Not everyone buys into the global peak oil theory, which first gained notoriety about a decade ago. That theory postulates that oil production in the world will hit its maximum around 2012 then drop off quickly after that.

So far that prediction seems to be right on track. Oil production is already declining in many oil-producing countries. But global demand for oil keeps climbing, and prices, as we all know, are soaring.

But if global oil production starts to decline sometime around 2012, prices are going to go a lot higher than that. The pessimists are saying we could see $500 a barrel. I’m not trying to be an alarmist in reporting this, I’m doing so because a lot of people have not heard of the peak oil theory. And with oil prices doing what they’re doing, it’s a topic that really needs a national debate.

AUTOLINE ON AUTOBLOG: How Many Brands are too Many?

June 22nd, 2008 at 6:27pm

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With gas prices soaring and SUV sales sinking, General Motors just put its HUMMER brand under “strategic review.” That’s generally the term used when a company is getting ready to dump a brand. And that begs the question . . .

This article continues on Autoblog

AUTOMOTIVE INSIGHT: FEV Cylinder Deactivation

June 20th, 2008 at 3:50pm

As heard on
WWJ Newsradio 950

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Automakers are looking far and wide for ways to save fuel, and cylinder deactivation is a great way to do it.

If you can shutdown some of an engine’s cylinders when you don’t need all the power you can save a lot of fuel. Chrysler and GM both use this technology on some of their pushrod V8s, which gives them about 10 percent better efficiency.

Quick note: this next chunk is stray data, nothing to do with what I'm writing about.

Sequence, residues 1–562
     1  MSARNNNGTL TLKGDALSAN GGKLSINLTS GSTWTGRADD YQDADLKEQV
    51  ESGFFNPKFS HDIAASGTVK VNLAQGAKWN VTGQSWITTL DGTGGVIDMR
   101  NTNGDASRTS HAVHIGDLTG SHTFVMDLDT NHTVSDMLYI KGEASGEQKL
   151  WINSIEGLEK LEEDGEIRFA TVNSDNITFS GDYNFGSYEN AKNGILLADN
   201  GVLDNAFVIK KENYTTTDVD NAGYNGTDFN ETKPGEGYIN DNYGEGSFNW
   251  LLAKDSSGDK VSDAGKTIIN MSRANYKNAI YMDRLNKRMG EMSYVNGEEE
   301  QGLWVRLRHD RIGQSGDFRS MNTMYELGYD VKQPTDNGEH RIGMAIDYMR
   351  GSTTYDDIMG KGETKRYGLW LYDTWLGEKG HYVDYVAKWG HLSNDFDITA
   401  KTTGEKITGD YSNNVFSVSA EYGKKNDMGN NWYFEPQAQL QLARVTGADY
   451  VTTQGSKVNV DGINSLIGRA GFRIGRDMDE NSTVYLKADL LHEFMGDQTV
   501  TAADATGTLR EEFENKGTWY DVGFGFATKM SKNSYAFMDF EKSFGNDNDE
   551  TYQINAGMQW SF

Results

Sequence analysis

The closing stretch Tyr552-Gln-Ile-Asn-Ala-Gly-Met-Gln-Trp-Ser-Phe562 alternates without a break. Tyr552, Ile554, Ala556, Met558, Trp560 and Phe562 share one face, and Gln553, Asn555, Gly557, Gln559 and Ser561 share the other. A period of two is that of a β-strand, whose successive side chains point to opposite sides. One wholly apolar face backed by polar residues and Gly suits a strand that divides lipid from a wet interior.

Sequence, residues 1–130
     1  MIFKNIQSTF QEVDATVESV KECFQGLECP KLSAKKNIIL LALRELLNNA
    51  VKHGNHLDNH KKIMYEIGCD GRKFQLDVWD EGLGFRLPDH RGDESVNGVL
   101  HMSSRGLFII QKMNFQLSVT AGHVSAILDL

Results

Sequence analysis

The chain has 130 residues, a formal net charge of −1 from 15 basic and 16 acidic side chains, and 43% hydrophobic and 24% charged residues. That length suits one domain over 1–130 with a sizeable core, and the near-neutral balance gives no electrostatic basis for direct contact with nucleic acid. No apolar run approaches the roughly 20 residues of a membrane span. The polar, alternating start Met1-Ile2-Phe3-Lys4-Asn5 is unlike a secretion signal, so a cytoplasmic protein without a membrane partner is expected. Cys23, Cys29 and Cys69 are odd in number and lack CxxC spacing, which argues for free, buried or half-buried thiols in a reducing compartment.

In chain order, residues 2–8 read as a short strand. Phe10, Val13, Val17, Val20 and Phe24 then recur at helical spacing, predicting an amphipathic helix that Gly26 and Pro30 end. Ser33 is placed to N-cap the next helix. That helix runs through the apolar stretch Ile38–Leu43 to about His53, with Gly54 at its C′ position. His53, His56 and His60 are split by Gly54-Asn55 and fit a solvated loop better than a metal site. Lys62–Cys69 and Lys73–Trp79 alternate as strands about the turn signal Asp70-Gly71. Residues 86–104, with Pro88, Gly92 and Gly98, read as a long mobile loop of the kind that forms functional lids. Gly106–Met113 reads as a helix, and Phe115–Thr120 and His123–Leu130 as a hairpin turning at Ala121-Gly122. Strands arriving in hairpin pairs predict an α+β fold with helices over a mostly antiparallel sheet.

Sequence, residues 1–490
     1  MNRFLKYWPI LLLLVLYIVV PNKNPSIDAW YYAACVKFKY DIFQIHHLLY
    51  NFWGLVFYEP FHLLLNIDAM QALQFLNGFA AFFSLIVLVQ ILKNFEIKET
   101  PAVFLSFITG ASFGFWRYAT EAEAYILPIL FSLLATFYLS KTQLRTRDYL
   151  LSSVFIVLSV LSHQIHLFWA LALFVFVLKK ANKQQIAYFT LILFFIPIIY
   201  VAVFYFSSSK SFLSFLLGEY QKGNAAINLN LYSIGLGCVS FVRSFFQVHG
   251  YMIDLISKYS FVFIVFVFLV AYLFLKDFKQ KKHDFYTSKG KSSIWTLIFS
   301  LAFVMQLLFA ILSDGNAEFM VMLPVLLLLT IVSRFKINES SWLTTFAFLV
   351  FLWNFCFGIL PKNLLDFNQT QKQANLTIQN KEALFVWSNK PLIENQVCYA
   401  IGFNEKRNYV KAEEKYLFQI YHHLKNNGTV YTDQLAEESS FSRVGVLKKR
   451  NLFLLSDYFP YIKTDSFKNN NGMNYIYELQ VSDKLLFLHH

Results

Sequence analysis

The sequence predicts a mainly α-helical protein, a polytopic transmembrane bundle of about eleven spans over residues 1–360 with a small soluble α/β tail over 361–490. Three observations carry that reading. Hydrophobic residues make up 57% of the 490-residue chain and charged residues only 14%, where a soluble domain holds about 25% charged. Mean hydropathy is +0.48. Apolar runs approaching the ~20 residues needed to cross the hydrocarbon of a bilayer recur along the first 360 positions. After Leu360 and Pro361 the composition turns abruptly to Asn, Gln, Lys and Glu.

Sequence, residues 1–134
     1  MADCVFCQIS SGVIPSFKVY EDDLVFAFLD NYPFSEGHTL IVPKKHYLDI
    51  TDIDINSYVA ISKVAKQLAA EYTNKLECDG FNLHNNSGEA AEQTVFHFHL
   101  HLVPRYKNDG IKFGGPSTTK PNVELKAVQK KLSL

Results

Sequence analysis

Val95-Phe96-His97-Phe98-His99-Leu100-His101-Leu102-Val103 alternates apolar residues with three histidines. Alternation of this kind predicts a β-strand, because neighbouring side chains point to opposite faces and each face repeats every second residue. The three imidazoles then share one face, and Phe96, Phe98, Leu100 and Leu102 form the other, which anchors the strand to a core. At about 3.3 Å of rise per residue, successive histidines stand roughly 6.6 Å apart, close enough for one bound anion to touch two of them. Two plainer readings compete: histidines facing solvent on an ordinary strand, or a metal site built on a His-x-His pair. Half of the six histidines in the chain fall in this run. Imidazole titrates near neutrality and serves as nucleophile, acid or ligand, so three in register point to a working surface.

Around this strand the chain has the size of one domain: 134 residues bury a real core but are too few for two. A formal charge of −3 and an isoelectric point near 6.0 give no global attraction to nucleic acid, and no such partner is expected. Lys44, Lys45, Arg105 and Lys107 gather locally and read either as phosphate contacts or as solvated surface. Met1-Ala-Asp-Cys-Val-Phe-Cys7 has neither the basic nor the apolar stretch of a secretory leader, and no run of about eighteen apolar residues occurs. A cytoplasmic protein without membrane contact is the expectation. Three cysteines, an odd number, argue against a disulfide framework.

The supplier company FEV is developing a system that works on more advanced overhead cam engines. At the SAE World Congress in Detroit they showed off a collapsible roller finger follower. This technology is a simple and cost-effective way to add cylinder deactivation to smaller engines.

Look for more of this kind of technology in the future, especially as automakers work to meet the strict fuel economy standards that are coming in 2020.

AUTOMOTIVE INSIGHT: Eyes on Design

June 17th, 2008 at 5:10pm

As heard on
WWJ Newsradio 950

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If they could convince the car companies they work for to go for it, car designers are chomping at the bit to come out with much more modern designs.

It was a fascinating discussion of top designers from Ford, Honda, Chrysler, Nissan and General Motors last week. It was part of a series organized by Eyes on Design and held in conjunction with the Automotive Press Association.

The designers talked about a lot of different topics, but what really got them going was a deep desire to make cars look much more modern than they do today. These designers really want to come out with designs that say, “Now this is for the 21st century.”

They all say their car companies can be awfully careful and traditional when it comes to design and if they were given free reign they would come out with designs that don’t look like anything on the road right now.